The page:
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The reality of tesla?

Discussion in 'Roadster' started by serious7, Jul 9, 2009.

  1. serious7

    serious7 Member

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    #1 serious7, Jul 9, 2009
    Last edited: Jul 9, 2009
    Hey everyone! I'm 18 years old and have been a long time fan of the tesla motors company. I've been following the production of hte roadster since it first appeared in the media and im a very green type of person. I've followed hydrogen fuel cell production for as long as I can remember and was a fan of that technology back in the days, but now i've come to realize that electric may be the wave of the future. ^_^ I plan to purchase a roadster in maybe a decade maybe :eek: haha but i have a few doubts about the technology as of right now. So for the owners out there could ya help me out a bit?

    1) Does the tesla roadster really have that 200+ mile range on full charge? Did any of you guys reach that mileage or can it only be achievable in "range" mode?

    2) Does a full charge really only cost something around 3 dollars or is it a lot more? I plan to charge my very future tesla roadster on solar power haha ^_^

    3) This is an important question. How much does it cost to replace the battery pack. Did the tesla company give you owners any information about this?

    4) I heard that at 100 thousand miles, the battery capacity will max out 80 percent. Its not bad, but when do you guys plan to replace your batteries? When it reaches 50 percent? 40 ? 30?

    5) If you have the ac one, music on, and driving in race like conditions, do you notice a significant decrease in your range for driving? If so, by how much? Please elaborate.

    6) Do you guys think that tesla would ever adopt a new sort of "battery technology" into thier cars that will force them to re-engineer and re-design the roadster and other models all over again thus making the current roadsters completely out of date for future repairs?

    7) And finally a personal question. Do you owners somewhat feel that your roadsters may not be reliable enough to reach the end of the destination and back?
     
  2. JRP3

    JRP3 Hyperactive Member

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    I'm not an owner but I'll give you my thoughts on some of your questions.

    One way to figure it is if the Tesla uses 220 watt hours per mile it will use 48.4KWH in a 220 mile drive. Multiply 48.4 by your electric rate, say for example .12 cents per KWH, and you get $5.81 to fill up.

    The great thing about EV's is the motor doesn't care how it gets it's power. A different battery chemistry as long as it's configured to give the same voltage should not cause any problems. You might need to reprogram the charger a bit differently but that should not be a big deal. Right now there are people who made EV conversions with lead batteries and have replaced it with lithium.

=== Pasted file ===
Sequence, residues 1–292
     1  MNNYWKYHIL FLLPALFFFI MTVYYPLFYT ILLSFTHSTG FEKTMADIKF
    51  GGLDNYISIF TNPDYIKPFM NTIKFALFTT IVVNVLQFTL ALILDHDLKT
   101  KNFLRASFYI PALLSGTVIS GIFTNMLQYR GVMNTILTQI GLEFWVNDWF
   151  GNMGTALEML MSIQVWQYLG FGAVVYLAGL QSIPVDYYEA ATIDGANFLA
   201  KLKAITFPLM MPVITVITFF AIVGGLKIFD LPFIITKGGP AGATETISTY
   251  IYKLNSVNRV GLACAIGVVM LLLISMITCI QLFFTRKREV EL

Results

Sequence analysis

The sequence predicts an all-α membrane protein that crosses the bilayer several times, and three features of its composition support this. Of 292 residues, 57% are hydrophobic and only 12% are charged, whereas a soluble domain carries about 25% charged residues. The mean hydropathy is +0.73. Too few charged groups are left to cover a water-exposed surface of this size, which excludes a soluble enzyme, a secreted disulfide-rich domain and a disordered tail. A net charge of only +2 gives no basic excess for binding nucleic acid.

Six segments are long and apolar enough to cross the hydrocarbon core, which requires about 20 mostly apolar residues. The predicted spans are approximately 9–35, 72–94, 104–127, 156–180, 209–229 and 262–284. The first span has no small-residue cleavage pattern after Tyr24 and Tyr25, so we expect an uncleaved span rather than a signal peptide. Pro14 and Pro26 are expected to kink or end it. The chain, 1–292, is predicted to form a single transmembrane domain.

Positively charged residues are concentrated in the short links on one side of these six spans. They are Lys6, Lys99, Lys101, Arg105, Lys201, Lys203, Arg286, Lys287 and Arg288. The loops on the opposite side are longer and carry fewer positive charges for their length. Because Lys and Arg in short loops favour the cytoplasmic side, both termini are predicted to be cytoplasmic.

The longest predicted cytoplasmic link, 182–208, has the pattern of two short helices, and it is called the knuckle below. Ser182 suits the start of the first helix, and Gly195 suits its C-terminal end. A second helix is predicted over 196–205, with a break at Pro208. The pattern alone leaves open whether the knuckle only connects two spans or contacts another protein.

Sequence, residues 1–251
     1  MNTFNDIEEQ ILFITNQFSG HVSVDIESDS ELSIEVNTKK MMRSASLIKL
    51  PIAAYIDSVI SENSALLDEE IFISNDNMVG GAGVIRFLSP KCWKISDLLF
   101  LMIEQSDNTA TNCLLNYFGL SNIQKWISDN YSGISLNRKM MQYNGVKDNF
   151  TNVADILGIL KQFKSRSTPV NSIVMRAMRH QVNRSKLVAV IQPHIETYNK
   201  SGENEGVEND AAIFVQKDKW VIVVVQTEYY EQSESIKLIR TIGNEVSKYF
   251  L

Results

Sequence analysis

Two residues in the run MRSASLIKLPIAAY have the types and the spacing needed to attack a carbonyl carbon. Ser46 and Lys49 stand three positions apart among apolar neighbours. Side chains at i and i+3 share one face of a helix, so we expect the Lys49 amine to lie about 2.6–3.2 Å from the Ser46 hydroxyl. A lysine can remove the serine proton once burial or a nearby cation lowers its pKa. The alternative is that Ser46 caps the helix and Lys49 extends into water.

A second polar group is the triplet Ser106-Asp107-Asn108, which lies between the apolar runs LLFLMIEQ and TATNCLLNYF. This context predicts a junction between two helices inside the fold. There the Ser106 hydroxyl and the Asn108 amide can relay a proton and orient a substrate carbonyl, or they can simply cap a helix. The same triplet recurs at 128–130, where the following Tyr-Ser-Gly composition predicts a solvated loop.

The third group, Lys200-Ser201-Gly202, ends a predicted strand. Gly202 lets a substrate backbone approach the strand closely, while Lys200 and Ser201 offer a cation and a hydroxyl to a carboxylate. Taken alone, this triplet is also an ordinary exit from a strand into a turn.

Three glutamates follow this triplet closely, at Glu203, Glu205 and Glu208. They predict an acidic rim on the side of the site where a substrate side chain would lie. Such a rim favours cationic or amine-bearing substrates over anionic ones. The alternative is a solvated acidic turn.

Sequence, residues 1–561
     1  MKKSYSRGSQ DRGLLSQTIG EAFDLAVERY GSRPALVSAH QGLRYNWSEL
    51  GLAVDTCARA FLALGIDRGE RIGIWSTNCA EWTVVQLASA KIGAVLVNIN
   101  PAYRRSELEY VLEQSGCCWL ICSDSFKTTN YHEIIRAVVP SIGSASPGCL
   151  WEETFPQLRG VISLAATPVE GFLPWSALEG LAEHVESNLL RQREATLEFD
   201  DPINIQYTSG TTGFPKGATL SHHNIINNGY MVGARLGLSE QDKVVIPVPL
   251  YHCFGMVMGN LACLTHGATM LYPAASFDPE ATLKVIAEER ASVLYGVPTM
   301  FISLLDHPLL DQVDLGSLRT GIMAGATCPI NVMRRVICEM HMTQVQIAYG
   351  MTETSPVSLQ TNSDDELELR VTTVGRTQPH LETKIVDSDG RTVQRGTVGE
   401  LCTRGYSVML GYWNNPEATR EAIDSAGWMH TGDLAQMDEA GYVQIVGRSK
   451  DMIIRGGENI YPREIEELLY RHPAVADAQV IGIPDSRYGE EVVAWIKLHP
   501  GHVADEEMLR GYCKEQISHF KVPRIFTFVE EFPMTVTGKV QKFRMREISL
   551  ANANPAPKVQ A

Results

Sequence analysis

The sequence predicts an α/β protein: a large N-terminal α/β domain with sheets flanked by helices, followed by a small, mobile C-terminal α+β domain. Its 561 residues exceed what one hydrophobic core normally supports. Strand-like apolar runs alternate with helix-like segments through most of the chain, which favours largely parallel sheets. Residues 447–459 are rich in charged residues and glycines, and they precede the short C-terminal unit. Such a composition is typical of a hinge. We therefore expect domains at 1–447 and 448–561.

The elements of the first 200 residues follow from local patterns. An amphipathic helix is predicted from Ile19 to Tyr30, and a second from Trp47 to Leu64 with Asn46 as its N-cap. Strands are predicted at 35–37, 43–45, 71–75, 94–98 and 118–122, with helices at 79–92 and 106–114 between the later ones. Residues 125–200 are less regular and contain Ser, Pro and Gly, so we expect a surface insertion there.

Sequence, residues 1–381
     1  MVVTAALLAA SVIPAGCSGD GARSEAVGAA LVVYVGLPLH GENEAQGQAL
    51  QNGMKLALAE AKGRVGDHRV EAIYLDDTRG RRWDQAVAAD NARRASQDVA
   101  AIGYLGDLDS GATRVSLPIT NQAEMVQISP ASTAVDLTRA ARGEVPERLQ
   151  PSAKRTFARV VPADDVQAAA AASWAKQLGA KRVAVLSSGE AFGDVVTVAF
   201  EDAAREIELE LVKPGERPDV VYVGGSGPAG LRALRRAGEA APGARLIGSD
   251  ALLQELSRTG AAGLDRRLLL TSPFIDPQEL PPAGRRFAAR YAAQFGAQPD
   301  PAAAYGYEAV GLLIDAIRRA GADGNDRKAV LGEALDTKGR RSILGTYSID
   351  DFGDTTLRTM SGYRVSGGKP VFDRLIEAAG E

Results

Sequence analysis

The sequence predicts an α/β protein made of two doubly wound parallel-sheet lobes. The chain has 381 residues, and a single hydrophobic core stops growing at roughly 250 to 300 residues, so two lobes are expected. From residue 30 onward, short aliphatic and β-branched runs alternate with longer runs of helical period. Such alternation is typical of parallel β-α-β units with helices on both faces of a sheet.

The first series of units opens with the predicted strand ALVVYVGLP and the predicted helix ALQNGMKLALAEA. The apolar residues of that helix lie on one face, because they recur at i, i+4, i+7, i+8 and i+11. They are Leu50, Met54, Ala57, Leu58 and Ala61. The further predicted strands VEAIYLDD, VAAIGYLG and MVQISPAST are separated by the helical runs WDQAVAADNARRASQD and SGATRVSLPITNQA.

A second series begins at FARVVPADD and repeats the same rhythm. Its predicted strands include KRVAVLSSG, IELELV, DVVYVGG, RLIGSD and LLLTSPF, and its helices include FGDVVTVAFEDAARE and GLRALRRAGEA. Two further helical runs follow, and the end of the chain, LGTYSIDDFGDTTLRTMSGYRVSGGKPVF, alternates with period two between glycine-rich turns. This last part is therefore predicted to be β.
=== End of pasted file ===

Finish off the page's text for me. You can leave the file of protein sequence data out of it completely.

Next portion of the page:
3. SByer

    SByer '08 #383

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    Sure thing! The Roadster is an absolute blast to own and drive, and is definitely part of a big greening effort for me. Solar panels, CFL and LED lighting, more efficient appliances. But the Roadster is the most fun part of that.

    1) Yes, you can really get 200+ miles a charge. After driving it for a bit, you realize how much the range is under your control, and the car's VDS gives you enough information to easily tune your driving. I feel like I could easily get 200 miles on a standard charge if I wanted to. But, you also quickly realize that the number of times that range figure actually matters is very small, because you can plug-in at home and have more than enough charge for a day of driving by the next morning.

    2) I haven't bothered to track charging cost, because most of my charging is at work!

    3) We don't know. More importantly, we don't know what it will cost when it's actually time to replace it in 7 years. We have guesses - I suspect the cost will be less than, say, $18k when it's time.

    4) Battery life is going to depend on how much it's babied, etc. Longevity is going to vary by owner and usage pattern. I suspect my replacement will be more determined by an increase in 0-60 time rather than a decrease in range.

    5) The audio system takes very little juice. I have it on all the time. The AC takes a bit more - I suspect it's about a 5-8% hit on range, but I think others have better data than I.

    6) It's technology. It marches forward. We already know the '10 system is slightly different. As long as I can get a battery replacement when I need one for a reasonable price, I don't mind. That's life. I got the car I paid for and I'm totally happy with it (besides, I still like the spartan-with-a-purpose '08 interior more). Repairs will always be available for it, at what price is the question. People still keep classic cars going, it's just more expensive when something breaks. How rapidly that occurs is going to be anybody's guess.